The judge also criticised the Scottish Legal Complaints Commission for its role in the case, after it was revealed the SLCC had initially refused to accept the complaint against the solicitor, on the grounds it had been made outwith the time limit and had then changed its mind and would investigate, after the Law Society said the complaint was of “such a serious quality". Lord Carloway’s opinion stated “the court is concerned by the first respondents' (SLCC) exercise of their discretion to entertain the complaint outwith the time limit.”

The full opinion of Lord Carloway can be read here : OPINION OF THE COURT delivered by LORD CARLOWAY in the appeal by WILLIAM MURNIN Appellant; against (First) THE SCOTTISH LEGAL COMPLAINTS COMMISSION; and (Second) THE LAW SOCIETY OF SCOTLAND Respondents:

While Lord Carloway recorded in his opinion that no explanation for the delays was offered to the court, legal insiders have told Diary of Injustice this morning of allegations “there were negotiations going on between the Law Society & ‘representatives’ of Mr Murnin between January & June of 2011”, a pattern reminiscent of previous cases where solicitors have asked their colleagues, and solicitors working for the Legal Defence Union to intervene in complaints investigations and secretly bargain away any disciplinary action or overt publicity which may impact on their professional livelihoods. The allegations, put to one Law Society insider, have not been refuted.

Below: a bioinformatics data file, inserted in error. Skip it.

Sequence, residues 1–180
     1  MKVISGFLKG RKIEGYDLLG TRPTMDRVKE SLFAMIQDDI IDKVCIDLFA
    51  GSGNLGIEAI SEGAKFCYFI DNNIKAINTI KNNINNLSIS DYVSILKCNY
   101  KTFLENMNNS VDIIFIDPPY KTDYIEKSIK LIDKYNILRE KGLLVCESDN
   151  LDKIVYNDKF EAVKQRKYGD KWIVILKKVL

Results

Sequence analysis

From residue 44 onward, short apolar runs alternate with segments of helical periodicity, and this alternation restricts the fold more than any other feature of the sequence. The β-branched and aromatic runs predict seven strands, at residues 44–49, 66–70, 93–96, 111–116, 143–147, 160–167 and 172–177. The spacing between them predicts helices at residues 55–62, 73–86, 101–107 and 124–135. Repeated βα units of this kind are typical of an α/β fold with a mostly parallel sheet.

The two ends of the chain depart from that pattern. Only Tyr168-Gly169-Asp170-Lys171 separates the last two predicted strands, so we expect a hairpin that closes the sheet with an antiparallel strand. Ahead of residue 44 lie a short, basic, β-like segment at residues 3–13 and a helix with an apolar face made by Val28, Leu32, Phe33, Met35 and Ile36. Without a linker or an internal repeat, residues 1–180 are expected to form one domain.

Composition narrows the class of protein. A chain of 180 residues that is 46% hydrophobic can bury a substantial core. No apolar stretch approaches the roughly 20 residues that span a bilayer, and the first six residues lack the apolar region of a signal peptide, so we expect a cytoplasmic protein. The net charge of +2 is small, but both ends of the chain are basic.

No statement has been issued on the Law Society of Scotland’s website at time of publication.

However, the Scottish Legal Complaints Commission late today issued the following statement, praising the court for its decision yet ignoring Lord Carloway’s ‘concerns’ the SLCC exercised its “discretion to entertain the complaint outwith the time limit”. The SLCC also claimed it had acted in the public interest in the Murnin case, although as previous coverage in the media seems to indicate the SLCC has refrained from acting in the public interest 99% of the time with regard to complaints made by clients about their solicitors to the hapless law quango.